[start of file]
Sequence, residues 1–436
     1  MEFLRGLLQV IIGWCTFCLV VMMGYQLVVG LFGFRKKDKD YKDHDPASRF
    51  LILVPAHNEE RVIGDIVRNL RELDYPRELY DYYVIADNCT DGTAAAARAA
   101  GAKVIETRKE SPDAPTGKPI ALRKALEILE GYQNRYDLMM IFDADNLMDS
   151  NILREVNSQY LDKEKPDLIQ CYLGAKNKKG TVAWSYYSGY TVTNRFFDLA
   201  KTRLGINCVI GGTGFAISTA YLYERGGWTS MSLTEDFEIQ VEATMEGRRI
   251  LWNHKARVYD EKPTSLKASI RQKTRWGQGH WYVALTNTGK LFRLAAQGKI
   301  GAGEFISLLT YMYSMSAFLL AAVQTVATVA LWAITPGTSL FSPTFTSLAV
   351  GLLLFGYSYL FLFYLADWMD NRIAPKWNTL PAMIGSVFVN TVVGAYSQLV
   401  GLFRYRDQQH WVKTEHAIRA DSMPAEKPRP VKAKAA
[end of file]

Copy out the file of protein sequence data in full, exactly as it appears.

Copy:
Sequence, residues 1–436
     1  MEFLRGLLQV IIGWCTFCLV VMMGYQLVVG LFGFRKKDKD YKDHDPASRF
    51  LILVPAHNEE RVIGDIVRNL RELDYPRELY DYYVIADNCT DGTAAAARAA
   101  GAKVIETRKE SPDAPTGKPI ALRKALEILE GYQNRYDLMM IFDADNLMDS
   151  NILREVNSQY LDKEKPDLIQ CYLGAKNKKG TVAWSYYSGY TVTNRFFDLA
   201  KTRLGINCVI GGTGFAISTA YLYERGGWTS MSLTEDFEIQ VEATMEGRRI
   251  LWNHKARVYD EKPTSLKASI RQKTRWGQGH WYVALTNTGK LFRLAAQGKI
   301  GAGEFISLLT YMYSMSAFLL AAVQTVATVA LWAITPGTSL FSPTFTSLAV
   351  GLLLFGYSYL FLFYLADWMD NRIAPKWNTL PAMIGSVFVN TVVGAYSQLV
   401  GLFRYRDQQH WVKTEHAIRA DSMPAEKPRP VKAKAA